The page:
A view of Four Peaks from the Gooseneck Trail:
Some flowers are already starting to bloom!
More views from the Gooseneck Trail…
A view of Rock Knob from the Rock Knob Trail:
I think we were still on the Rock Knob Trail for this shot:
A view of Rock Knob from the Pemberton Trail:
Views from the Bluff Trail Wash:
Linda spotted this Queen of the Night plant on the Bluff Trail. She saw another one perhaps 200 feet later.
Earlier in the hike, Amy spotted this hawk:
It’s not a very good shot, but here it is shortly after taking flight:
On Sunday, Linda, Bob, and I hiked 11.6 miles between the Spur Cross Ranch Conservation Area and the Cave Creek Recreation Area. Marilyn hiked out 4.5 miles with us and then returned to the car for a 9 mile hike. According to my GPS watch, we ended up with 1,070 feet of total ascent and 1335 feet of total descent.
A view from near the beginning of the Spur Cross Trail:
Linda spotted this heart shaped prickly pear:
Bob, Linda, and Marilyn:
Another group ahead of us – they hiked to the park boundary and then returned.
Looking up at Elephant Mountain:
We encountered a watering hole shortly after leaving the park. Marilyn told us that she saw cows on the way back.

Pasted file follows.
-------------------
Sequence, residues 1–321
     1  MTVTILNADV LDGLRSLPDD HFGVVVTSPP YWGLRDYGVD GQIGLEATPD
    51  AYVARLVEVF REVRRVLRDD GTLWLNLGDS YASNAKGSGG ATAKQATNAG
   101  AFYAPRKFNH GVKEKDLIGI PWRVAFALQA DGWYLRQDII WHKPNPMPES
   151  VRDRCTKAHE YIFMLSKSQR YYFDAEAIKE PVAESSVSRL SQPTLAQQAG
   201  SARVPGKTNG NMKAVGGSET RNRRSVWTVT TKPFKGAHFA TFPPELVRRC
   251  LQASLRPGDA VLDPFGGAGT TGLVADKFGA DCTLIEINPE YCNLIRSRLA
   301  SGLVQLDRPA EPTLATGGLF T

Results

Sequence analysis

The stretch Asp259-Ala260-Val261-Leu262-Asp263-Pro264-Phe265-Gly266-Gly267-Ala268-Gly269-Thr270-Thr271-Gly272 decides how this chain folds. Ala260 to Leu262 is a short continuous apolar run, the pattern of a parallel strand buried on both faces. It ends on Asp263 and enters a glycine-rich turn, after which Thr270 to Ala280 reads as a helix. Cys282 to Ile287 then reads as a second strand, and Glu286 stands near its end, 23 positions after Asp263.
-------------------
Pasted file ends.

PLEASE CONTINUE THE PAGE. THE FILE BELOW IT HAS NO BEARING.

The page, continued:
Views from the Maricopa Trail…
This is a view from the Go John Trail in the Cave Creek Recreation Area:
This dog has its own pack and boots, too!
We’re done! This is a view from above the amphitheater outside of the Nature Center at the Cave Creek Recreation Area.
Friday’s hike started from the Horse Staging Area. We hiked a 10.1 mile loop consisting of the Escondido, Cinch, Scenic, Pemberton, and Escondido trails.
There will be an equestrian endurance ride over the weekend – it’s called Lead, Follow, or Get Out of the Way. We saw a number of horses as we walked through the parking lot on the way to the Escondido Trail.
A view from midway up the hill on the Scenic Trail:
Laura, Nancy, Bob, Linda, Janet, Sue, and Jerry:
Yet another view from the Scenic Trail:
Saguaros on the Escondido:
Sue, Linda, Bob, Janet, Kevin, Nancy, and Laura:
Still on the Escondido Trail…
When we got back to the Horse Staging Area, we noticed that even more horses had arrived.
Marilyn and I hiked 8.6 miles at Lake Pleasant on Sunday. We hiked the Pipeline Canyon, Yavapai Point, and Wild Burro trails. We both liked the Pipeline Canyon and Yavapai Point trails. The portion of the Wild Burro trail that we hiked wasn’t quite as impressive, though we did see some wild burros as we made our way back; this made it worthwhile.
The view from one of the picnic sites near the parking lot:
A view of the floating bridge on the Pipeline Canyon Trail:
A view from the bridge:
Marilyn, on the Pipeline Canyon Trail:
A view of the lake from the lower portions of the Yavapai Point Trail:
Saguaros on the Yavapai Point Trail:
Marilyn on the Yavapai Point Trail. This trail leads to the top of a hill overlooking the lake.
Several views from the Yavapai Point Trail…
A view from the Wild Burro Trail. The yellow vegetation are plants that are drying up. It’s somewhat more yellow in this photo than it was in real life.
Two shots of the wild burros that we saw on the way back…
Marilyn on the Wild Burro trail:
Marilyn took these photos of the burros with her Sony RX10: